EdgarAndrewsWe are joined by Prof. Edgar Andrews, Emeritus Professor of Materials Science at the University of London. With his book, Who Made God?, as our focus, we explore the explanatory limits of the natural sciences and discuss how his concept of the God Hypothesis offers a coherent explanation of reality. Prof. Andrews also expresses his concern about the increase in atheistic propaganda in the mainstream media, and shares his experience of debating Richard Dawkins at the Oxford Union in 1986 on the motion: "That the doctrine of creation is more valid than the theory of evolution."

Original Audio  music148    Notes  Open-folder-info48                                                                                                                                                Transcribed by Anon.


Julian Charles: Today is the 17th of May 2013 and I’m very pleased to be speaking to Professor Edgar Andrews who is Emeritus Professor of Materials at the University of London in the UK, and an internationally acknowledged expert on the science of large molecules. In the late 1960s Prof. Andrews set up the Department of Materials at Queen Mary College where he served, first as head of department, and later as Dean of Engineering. In addition to over one hundred scientific research papers and books, his publications also include Bible commentaries, various works on science and religion and theology. In 1986 he was brave enough to debate Richard Dawkins at the Oxford Union, and he is currently Acting Pastor of the Campus Church Welling Garden City in Hertfordshire. Prof. Andrews, welcome to TMR, and thank you for talking to us.


Prof. Edgar Andrews: Thank you very much for your invitation to take part.


JC: When I first contacted you, I said that I would like to ask you about your book Who made God, and about your life as a scientist and a Christian, but that was before I was reminded that you’d had this debate with Richard Dawkins, so I’d like to ask you about that as well.But before we get onto that in any detail, could I ask you first to tell us a little more about your life and your work?


EA: Well it’s a long story. I’m eighty years old, and a lot of water has gone under the bridge during that time. I’ll start with my university experience. I began to study Physics as an eighteen-year-old student at University College London, and it was at the end of the first year at university that I became a Christian. I had been going to Church recently, but for social reasons rather than any spiritual interest. But I suddenly received a very compulsive desire to read the New Testament - something I had not been interested in before. I began to read from page one. And it was as I read through the Gospels in the New Testament that I discovered that Jesus Christ was a living person. At times I even felt his presence in the room with me. And, as I read, I became convinced, not only that he was even now a living person, but that he was the one who had died on the cross to forgive my sins, and had risen from the dead to vindicate his work upon the cross. In other words, I was converted - not by the activity of any other person, but directly by reading the New Testament scriptures.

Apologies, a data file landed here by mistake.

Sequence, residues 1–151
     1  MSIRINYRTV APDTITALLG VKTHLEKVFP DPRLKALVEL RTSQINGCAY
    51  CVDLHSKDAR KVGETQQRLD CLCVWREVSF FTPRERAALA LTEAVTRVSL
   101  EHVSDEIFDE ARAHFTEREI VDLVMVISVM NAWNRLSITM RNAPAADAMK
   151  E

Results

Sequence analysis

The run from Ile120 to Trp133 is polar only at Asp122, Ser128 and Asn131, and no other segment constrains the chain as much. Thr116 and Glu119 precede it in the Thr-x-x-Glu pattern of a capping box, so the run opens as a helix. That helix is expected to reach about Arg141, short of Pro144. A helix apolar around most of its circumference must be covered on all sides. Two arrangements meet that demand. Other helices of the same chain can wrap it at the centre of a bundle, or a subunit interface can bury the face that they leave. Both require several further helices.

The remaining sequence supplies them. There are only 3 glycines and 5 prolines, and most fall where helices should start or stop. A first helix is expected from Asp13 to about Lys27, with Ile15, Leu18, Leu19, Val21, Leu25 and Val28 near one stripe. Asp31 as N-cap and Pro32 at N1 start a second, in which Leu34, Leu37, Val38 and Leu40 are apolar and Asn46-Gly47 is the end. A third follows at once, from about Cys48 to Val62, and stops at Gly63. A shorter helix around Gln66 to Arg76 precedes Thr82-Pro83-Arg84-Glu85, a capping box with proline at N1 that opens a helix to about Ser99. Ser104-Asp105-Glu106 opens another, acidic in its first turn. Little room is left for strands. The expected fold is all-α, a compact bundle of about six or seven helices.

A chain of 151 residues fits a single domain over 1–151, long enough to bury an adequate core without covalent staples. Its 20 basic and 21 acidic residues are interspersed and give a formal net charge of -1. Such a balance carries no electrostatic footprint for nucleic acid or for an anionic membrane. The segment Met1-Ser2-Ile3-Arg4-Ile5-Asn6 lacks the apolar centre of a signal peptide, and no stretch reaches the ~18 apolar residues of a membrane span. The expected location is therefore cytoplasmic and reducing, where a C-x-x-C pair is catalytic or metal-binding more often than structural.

I went on to complete my undergraduate degree in Physics, and I obtained a First Class Honours degree at the end of that time. It was my desire not to go into research, but to get into industry and management. I tried to do that, but it didn’t work, because the company I applied to, and who employed me, immediately put me into research. So I got into a life of scientific research in that way. I spent just two years with them. I would have stayed longer, but they moved their HQ up to Yorkshire, and I had by that time become involved in the conduct and operation of a small local Baptist Church, and I felt I should not leave the church; I should leave my job rather than give up my Christian work. So I found another job with a research company, and I spent eight years with them - very productive years. I was able to publish quite a lot in scientific journals, and that publication record was sufficient to gain me the place of Reader in Materials Science at Queen Mary College, as it was then called - part of the University of London. And I was charged with the job of establishing a department of Materials Science. I became the first Professor of Materials, and I served as the head of department for something like thirteen years. [Also] I was for over thirty years consultant to the Dow Chemical Company in the USA and to the 3M Company also there.


But then another opportunity opened up. I was asked to act as an expert witness in the British High Court in respect of patent cases and product liability cases. Finally, throughout that time I’ve been writing books, trying to help people to understand Scripture, and particularly to understand the relationship between science and religion, because so often science is put forward as anti-religion, and religion as anti-science.AdamNaRestauratie


JC: Indeed, yes.


EA: That is nonsense, of course, because many scientists are Christians, and we try to make that clear in some of the books that I’ve written.


JC: Have you felt over the years that your work as a scientist has been a calling?


EA: I believe that my life and my various experiences have been ordered by God. So, yes in that sense, everything I have done I have considered to be in one sense or another a calling from God.


JC: Your experience in science has allowed you to write and publish with regard to the science-faith debate and help people in that way.


EA: That’s right. There aren’t many people who have experience and knowledge in both science and theology. There are some, of course, but the opportunity I have had has been to write material that helped to clarify these matters for the layman. My main emphasis has been to explain technical matters to people who don’t have a technical background.